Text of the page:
By Antony BeevorViking, 528 pages, $29.95
We in the Western world equate the end of World War II with the Ardennes offensive—the Battle of the Bulge. Just before Christmas, 1944, in a thick fog that protected his tanks from Allied aircraft, Hitler gambled by launching a sudden counterattack in eastern Belgium, in difficult country, and brought off a tactical coup. His troops overwhelmed the surprised defenders, and it looked as if he would cut them off and reach the Allies' big supply port at Antwerp. But an American general famously said "Nuts" when called upon to surrender, and the fog lifted. The last German offensive in the West speedily crumbled, and from then on, though there was tough fighting in some places, the British and the Americans were able in many others just to walk forward, accepting the surrender of hundreds of thousands of Germans who were grateful to be giving up to the Western powers and not to the Soviets. Anglo-American captivity was not comfortable, particularly in the first few weeks, but at least the prisoners (in the main) could survive. Soviet captivity was a different matter. Of the 90,000 men who surrendered at Stalingrad in January of 1943, only 6,000 made it back to Germany, more than ten years later. The Soviets were not in a forgiving mood. The Fall of Berlin 1945 makes this very—perhaps excessively—plain.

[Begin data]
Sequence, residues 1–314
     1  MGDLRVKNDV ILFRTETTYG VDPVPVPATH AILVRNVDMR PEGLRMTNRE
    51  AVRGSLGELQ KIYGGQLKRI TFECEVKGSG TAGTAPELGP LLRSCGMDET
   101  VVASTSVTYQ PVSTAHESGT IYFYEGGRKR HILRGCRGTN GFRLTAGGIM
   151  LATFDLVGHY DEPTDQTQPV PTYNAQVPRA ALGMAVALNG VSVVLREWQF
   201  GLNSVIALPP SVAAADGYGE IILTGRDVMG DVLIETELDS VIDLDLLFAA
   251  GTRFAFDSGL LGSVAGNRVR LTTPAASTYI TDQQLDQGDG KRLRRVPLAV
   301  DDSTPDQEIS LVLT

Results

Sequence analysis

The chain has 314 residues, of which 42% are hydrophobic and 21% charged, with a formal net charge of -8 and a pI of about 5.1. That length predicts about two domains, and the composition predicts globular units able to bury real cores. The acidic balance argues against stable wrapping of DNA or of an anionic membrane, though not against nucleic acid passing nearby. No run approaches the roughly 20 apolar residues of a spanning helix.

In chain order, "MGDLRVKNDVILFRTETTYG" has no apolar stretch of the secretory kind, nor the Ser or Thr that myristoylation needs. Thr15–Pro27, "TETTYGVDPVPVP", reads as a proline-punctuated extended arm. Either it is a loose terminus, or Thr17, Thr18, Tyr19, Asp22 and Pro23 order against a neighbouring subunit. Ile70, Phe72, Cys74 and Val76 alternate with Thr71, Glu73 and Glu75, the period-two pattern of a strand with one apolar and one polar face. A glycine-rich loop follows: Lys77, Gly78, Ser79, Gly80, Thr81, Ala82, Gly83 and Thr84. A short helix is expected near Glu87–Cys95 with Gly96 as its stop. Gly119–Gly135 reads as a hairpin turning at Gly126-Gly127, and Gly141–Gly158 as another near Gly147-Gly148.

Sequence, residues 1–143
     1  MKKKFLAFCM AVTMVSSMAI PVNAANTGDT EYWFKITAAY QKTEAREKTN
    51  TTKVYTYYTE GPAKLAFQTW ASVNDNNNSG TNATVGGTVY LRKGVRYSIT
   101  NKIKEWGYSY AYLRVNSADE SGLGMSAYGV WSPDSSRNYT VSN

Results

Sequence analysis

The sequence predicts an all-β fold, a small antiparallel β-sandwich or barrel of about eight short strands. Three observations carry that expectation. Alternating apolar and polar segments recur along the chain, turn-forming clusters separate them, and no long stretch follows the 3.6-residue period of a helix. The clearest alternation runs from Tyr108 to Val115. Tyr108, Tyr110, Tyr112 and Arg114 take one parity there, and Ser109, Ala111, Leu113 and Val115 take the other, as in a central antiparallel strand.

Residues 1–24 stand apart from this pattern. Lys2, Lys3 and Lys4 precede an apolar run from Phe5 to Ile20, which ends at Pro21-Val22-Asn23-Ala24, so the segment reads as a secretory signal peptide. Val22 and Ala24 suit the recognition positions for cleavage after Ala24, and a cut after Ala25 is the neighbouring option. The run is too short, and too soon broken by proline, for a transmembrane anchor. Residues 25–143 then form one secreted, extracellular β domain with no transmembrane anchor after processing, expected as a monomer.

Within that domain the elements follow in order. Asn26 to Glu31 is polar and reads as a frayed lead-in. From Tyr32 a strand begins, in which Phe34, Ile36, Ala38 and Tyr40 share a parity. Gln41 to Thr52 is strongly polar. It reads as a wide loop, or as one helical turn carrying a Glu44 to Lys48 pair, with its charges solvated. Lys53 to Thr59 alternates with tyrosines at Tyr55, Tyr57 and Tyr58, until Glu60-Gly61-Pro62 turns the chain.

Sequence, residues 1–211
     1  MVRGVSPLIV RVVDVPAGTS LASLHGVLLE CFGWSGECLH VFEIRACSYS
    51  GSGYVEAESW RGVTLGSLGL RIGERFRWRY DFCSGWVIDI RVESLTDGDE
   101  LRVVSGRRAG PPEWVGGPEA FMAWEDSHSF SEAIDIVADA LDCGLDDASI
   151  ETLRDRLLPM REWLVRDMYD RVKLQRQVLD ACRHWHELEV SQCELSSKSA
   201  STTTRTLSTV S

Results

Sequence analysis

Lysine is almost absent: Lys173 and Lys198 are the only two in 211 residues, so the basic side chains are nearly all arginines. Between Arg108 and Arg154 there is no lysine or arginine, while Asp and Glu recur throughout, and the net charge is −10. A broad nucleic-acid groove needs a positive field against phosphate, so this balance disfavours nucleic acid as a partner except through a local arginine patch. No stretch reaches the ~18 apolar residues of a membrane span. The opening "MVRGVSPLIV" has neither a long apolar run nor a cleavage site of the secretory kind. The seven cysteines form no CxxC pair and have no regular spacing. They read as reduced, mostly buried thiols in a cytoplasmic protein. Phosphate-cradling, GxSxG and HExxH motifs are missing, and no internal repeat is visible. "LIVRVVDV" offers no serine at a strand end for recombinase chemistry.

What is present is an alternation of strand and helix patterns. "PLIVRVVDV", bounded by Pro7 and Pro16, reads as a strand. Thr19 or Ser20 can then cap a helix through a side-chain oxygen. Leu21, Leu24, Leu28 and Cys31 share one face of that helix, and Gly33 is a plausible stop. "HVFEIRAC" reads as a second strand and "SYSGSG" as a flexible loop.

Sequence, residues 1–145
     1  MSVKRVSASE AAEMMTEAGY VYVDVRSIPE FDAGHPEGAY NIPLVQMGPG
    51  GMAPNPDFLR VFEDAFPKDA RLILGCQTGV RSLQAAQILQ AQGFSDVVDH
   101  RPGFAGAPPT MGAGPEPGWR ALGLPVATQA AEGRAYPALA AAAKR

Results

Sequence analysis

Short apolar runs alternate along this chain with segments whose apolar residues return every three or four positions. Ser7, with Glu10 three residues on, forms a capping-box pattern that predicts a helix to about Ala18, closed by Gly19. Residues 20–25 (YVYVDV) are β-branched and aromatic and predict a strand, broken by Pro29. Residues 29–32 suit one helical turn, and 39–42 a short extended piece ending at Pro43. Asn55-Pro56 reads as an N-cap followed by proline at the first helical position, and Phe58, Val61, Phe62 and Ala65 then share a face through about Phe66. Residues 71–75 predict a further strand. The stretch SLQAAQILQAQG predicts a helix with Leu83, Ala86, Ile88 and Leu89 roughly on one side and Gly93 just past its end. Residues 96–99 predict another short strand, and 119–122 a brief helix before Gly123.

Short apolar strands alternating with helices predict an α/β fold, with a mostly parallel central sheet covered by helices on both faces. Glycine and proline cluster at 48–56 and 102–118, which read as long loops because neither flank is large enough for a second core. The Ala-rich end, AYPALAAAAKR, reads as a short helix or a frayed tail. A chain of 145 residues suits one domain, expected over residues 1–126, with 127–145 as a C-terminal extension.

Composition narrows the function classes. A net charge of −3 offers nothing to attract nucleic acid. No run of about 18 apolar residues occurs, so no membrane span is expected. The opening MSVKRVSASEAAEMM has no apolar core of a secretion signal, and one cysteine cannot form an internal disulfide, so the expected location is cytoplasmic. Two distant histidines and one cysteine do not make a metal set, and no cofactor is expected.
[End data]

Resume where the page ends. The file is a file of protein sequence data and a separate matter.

The final Western land campaign against Nazi Germany may have been something of an anticlimax. But on the Eastern Front the war came to an end apocalyptically, and Antony Beevor, a veteran military historian, has a first-rate subject for his talents. To Central Europeans with a historical sense, it must have seemed as cataclysmic as the Mongol invasions, seven centuries before. Millions of Red Army soldiers, thousands of tanks and aircraft, had lined up on the River Vistula, which bisects Poland from north to south. On January 12, 1945, they struck, with great howls of artillery and multiple-rocket launchers—"Stalin Organs," the Germans called them. Already, the preceding summer, a whole German army group had been ground down by this massive weight, and the local commanders were desperate to be allowed to retreat, to show some flexibility in defense. Hitler, by now madly obstinate, told them that they must hold on; he even had generals shot for treachery and defeatism if they disobeyed. The outcome was foreseeable: the German defense disintegrated. One after another, supposed strong points became engulfed in the Soviet flood, and one after another, Polish cities were liberated—Warsaw, a heap of ruins because the Germans had burned it in revenge for the Polish uprising of August 1944; Kraków, a Renaissance jewel of a town, which survived intact because the Soviets were too quick for any defense to operate. On January 27 came a melancholy capture: Auschwitz. Most of its surviving prisoners had been evacuated by the Nazis in a death march a week or two before, and were now moving, a column of pajama-clad scarecrows, toward concentration camps in Germany. By the time the Red Army had outrun its supply lines and needed to refit its tanks, it stood at the River Oder, at most fifty miles from Berlin.